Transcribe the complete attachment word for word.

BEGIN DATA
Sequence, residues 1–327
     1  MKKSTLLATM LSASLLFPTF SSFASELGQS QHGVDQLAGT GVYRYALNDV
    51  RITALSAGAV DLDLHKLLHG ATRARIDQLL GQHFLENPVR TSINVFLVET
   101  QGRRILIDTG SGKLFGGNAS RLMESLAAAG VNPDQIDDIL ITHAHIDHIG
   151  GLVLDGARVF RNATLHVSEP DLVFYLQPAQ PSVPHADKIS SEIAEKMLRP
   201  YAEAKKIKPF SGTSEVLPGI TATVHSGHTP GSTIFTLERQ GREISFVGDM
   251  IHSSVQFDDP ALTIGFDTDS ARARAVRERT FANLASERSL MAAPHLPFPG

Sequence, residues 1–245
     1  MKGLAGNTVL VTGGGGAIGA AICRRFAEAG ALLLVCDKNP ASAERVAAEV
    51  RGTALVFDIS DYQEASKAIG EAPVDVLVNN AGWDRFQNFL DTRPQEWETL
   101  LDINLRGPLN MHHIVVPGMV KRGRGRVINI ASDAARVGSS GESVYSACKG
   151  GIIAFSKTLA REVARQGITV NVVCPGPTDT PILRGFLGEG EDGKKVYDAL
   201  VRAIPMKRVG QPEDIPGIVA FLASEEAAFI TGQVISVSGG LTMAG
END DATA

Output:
Sequence, residues 1–327
     1  MKKSTLLATM LSASLLFPTF SSFASELGQS QHGVDQLAGT GVYRYALNDV
    51  RITALSAGAV DLDLHKLLHG ATRARIDQLL GQHFLENPVR TSINVFLVET
   101  QGRRILIDTG SGKLFGGNAS RLMESLAAAG VNPDQIDDIL ITHAHIDHIG
   151  GLVLDGARVF RNATLHVSEP DLVFYLQPAQ PSVPHADKIS SEIAEKMLRP
   201  YAEAKKIKPF SGTSEVLPGI TATVHSGHTP GSTIFTLERQ GREISFVGDM
   251  IHSSVQFDDP ALTIGFDTDS ARARAVRERT FANLASERSL MAAPHLPFPG

Sequence, residues 1–245
     1  MKGLAGNTVL VTGGGGAIGA AICRRFAEAG ALLLVCDKNP ASAERVAAEV
    51  RGTALVFDIS DYQEASKAIG EAPVDVLVNN AGWDRFQNFL DTRPQEWETL
   101  LDINLRGPLN MHHIVVPGMV KRGRGRVINI ASDAARVGSS GESVYSACKG
   151  GIIAFSKTLA REVARQGITV NVVCPGPTDT PILRGFLGEG EDGKKVYDAL
   201  VRAIPMKRVG QPEDIPGIVA FLASEEAAFI TGQVISVSGG LTMAG